Evaluating lubricant performance to reduce COVID-19 PPE-related skin injury

Marc A. Masen, Aaron Chung, Joanna U. Dawczyk, Zach Dunning, Lydia Edwards, Christopher Guyott, Thomas A. G. Hall, Rachel C. Januszewski, Shaoli Jiang, Rikeen D. Jobanputra, Kabelan J. Karunaseelan, Nikolaos Kalogeropoulos (+17 others)
2020 PLoS ONE  
Healthcare workers around the world are experiencing skin injury due to the extended use of personal protective equipment (PPE) during the COVID-19 pandemic. These injuries are the result of high shear stresses acting on the skin, caused by friction with the PPE. This study aims to provide a practical lubricating solution for frontline medical staff working a 4+ hours shift wearing PPE. A literature review into skin friction and skin lubrication was conducted to identify products and substances
more » ... ucts and substances that can reduce friction. We evaluated the lubricating performance of commercially available products in vivo using a custom-built tribometer. Most lubricants provide a strong initial friction reduction, but only few products provide lubrication that lasts for four hours. The response of skin to friction is a complex interplay between the lubricating properties and durability of the film deposited on the surface and the response of skin to the lubricating substance, which include epidermal absorption, occlusion, and water retention. Talcum powder, a petrolatum-lanolin mixture, and a coconut oil-cocoa butter-beeswax mixture showed excellent long-lasting low friction. Moisturising the skin results in excessive friction, and the use of products that are aimed at 'moisturising without leaving a non-greasy feel' should be prevented. Most investigated dressings also demonstrate excellent performance.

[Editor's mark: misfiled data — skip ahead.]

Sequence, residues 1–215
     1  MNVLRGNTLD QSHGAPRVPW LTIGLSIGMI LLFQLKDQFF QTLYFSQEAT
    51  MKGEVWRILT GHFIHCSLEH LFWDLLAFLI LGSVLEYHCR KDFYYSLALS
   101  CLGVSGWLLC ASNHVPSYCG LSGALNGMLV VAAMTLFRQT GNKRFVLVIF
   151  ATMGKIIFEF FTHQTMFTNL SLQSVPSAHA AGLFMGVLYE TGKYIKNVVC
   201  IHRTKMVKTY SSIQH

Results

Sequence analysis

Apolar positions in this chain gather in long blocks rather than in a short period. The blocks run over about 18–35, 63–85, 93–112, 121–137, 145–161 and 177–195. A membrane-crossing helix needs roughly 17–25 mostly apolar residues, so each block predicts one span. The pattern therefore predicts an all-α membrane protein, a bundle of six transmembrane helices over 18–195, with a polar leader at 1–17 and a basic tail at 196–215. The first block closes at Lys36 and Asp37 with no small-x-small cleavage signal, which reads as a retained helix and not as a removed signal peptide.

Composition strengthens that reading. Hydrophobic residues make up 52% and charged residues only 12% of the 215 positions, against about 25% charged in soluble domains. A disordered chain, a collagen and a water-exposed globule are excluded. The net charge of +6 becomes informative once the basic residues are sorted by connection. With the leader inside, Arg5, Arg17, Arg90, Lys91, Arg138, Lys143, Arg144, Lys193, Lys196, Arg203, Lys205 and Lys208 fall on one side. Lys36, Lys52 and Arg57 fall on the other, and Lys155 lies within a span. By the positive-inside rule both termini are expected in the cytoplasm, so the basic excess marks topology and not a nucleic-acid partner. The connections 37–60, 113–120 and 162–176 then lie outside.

doi:10.1371/journal.pone.0239363 pmid:32970710 fatcat:wqwdd5mxkffuhbf7wyqvlrv5ka